Saying that Allegany County residents need "immediate relief," Gov. Parris N. Glendening declared a state of emergency there yesterday because of severe drought conditions that have led to a water supply crisis throughout much of the Western Maryland subdivision.
Authorities report that the water shortage is most severe in the Georges Creek and Mount Savage watershed, with the last significant rainfall -- 1.5 inches -- occurring in mid-September.
ZTC Virtually no rain fell west of Cumberland in November. A trace has fallen since Oct. 10. Rainfall has been below average every month since July. In that period, about 8 inches of rain has fallen, a little more than half the average.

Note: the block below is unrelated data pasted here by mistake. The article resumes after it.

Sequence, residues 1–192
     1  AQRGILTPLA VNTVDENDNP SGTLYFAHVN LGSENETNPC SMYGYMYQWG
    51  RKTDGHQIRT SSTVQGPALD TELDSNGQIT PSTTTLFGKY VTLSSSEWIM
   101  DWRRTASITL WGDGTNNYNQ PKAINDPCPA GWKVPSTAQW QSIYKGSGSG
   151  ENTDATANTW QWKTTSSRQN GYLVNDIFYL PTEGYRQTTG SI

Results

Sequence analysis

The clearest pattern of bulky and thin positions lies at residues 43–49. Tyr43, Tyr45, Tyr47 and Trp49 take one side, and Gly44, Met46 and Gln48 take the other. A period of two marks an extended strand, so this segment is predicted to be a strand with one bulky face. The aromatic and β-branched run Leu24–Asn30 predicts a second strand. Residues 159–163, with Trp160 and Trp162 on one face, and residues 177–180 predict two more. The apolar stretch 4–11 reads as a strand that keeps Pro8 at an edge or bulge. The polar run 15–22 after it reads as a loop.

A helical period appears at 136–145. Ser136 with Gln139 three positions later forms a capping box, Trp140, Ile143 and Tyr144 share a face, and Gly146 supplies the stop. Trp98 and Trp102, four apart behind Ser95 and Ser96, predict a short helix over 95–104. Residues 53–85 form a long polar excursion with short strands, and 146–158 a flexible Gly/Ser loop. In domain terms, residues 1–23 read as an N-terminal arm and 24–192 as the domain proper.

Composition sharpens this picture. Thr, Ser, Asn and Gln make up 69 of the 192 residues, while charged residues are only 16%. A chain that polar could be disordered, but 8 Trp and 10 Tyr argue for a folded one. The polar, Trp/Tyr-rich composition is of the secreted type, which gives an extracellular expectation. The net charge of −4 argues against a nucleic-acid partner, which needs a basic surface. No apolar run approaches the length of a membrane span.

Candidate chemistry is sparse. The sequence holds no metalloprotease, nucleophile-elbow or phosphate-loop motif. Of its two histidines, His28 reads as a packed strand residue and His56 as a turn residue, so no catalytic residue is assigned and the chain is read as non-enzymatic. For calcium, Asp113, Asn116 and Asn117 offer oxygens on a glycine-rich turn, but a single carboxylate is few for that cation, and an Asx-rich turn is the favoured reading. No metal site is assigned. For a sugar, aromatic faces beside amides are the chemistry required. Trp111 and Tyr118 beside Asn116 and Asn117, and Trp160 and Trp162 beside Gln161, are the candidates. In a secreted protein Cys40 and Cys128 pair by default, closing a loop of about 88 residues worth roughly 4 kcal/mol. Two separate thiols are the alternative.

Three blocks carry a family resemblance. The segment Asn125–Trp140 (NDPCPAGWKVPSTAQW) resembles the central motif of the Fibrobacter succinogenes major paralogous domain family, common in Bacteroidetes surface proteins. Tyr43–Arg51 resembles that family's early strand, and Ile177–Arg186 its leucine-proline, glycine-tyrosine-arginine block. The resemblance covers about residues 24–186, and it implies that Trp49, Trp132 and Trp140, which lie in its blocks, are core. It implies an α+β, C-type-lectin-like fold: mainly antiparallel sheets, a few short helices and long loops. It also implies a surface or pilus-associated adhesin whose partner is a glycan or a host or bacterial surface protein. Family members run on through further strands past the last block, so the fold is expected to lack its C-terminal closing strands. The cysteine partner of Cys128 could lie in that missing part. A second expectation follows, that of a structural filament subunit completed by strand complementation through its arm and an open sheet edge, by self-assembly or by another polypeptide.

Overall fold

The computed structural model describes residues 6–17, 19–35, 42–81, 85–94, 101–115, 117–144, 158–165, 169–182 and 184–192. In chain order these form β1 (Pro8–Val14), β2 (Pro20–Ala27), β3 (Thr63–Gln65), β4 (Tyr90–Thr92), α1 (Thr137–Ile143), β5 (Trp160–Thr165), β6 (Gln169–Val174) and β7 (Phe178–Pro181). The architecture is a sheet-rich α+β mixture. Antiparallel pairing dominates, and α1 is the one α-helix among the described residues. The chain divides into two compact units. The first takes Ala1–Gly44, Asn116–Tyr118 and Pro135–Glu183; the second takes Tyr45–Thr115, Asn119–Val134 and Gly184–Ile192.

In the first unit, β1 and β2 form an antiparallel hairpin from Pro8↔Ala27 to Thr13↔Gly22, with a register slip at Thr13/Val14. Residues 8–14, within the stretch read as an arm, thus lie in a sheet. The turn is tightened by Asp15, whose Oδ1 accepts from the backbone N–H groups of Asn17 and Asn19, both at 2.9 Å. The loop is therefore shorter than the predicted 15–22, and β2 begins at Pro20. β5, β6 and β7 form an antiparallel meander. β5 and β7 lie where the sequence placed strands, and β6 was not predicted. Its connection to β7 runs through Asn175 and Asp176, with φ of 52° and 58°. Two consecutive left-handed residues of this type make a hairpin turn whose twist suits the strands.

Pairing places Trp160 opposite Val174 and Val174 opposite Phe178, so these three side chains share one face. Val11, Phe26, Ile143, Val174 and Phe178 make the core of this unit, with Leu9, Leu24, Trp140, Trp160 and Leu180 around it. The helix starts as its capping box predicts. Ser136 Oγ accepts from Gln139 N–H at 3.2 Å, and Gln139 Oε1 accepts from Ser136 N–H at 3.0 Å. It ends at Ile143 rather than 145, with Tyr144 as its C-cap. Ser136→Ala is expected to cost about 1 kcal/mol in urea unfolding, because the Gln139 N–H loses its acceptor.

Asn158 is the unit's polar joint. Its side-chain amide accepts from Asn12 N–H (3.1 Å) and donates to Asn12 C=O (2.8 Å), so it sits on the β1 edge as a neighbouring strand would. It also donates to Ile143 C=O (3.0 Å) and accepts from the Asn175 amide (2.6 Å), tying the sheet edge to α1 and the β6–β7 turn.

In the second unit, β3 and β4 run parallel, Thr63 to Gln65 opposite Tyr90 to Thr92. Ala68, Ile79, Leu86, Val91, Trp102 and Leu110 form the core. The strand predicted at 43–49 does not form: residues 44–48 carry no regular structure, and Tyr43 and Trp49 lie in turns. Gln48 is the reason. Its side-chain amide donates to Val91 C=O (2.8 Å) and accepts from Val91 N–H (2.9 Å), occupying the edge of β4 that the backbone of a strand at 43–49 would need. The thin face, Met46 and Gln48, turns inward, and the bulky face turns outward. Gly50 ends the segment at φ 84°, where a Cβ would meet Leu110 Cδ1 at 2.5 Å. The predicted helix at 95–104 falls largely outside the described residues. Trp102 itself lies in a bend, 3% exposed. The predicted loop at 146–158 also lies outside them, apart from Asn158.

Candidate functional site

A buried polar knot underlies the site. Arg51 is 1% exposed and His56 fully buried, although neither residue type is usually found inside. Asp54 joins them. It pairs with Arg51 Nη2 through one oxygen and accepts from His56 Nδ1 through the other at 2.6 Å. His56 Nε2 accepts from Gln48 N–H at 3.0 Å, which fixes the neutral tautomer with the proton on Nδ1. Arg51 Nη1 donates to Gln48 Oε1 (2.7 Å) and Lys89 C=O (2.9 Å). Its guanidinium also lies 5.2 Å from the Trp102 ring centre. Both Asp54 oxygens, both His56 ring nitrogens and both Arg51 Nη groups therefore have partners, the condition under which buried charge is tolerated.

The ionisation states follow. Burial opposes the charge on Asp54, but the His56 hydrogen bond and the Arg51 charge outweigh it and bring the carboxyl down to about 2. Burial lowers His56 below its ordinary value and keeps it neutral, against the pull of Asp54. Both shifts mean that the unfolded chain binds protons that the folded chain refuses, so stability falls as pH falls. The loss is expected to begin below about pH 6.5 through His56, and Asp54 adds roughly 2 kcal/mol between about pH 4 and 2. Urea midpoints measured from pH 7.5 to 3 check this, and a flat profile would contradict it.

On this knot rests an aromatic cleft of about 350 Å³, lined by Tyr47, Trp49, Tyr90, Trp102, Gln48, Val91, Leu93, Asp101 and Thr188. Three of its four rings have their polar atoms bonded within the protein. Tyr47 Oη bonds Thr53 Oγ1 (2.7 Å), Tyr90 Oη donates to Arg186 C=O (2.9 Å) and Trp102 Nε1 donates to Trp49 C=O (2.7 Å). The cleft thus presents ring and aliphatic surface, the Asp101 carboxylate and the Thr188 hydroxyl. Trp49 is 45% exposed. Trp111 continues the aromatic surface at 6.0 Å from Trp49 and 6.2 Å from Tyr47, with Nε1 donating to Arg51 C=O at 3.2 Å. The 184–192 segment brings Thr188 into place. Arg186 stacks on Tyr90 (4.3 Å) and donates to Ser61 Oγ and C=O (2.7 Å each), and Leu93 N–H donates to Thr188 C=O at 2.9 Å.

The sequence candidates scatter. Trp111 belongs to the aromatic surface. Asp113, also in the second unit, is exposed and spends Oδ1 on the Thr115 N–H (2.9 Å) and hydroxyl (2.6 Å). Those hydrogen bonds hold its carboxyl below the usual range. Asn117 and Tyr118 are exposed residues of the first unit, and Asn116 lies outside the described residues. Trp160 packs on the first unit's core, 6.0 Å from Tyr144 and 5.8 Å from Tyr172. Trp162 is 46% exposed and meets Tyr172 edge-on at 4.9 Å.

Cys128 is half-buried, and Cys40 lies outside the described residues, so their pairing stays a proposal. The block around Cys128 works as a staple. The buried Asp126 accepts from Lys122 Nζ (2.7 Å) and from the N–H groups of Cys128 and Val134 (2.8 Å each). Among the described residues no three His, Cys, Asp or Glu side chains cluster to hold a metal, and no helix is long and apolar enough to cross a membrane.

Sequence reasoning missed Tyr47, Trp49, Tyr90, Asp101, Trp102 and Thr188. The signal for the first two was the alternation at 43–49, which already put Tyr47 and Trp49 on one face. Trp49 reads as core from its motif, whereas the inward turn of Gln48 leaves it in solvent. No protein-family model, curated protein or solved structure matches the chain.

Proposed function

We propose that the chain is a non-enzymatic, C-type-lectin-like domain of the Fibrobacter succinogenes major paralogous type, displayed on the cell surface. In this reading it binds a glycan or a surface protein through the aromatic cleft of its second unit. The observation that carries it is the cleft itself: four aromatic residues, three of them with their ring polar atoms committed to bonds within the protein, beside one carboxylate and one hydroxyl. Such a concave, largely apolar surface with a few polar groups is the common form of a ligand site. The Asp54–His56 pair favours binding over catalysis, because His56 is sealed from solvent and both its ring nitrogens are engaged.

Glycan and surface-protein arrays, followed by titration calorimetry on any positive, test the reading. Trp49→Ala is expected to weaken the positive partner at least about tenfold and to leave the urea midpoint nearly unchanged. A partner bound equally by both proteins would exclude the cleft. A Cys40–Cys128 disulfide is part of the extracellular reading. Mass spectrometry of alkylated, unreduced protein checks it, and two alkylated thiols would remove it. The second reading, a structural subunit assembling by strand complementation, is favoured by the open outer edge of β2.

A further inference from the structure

According to the National Weather Service, the next 90 days are expected to be dry as well, causing water supplies in the Lonaconing and Carlos-Shaft water systems to reach critical lows.
Noting that Allegany County officials are preparing a request for assistance to be reviewed by the state, Lt. Gov. Kathleen Kennedy Townsend said: "The state is ready to provide whatever resources will help bring relief."
The Maryland Emergency Management Agency, which has been touch with the Allegany County commissioners since the body voted to seek disaster relief last week, is waiting for the county to submit a complete list of needed resources.
"It might be water, technical assistance, cash, whatever," said Butch Kinerney, a MEMA spokesman. "Probably most of what they need right now is money to pay [workers] manning emergency fire hoses overtime." The list should be submitted by Monday, he said.
Pub Date: 12/11/98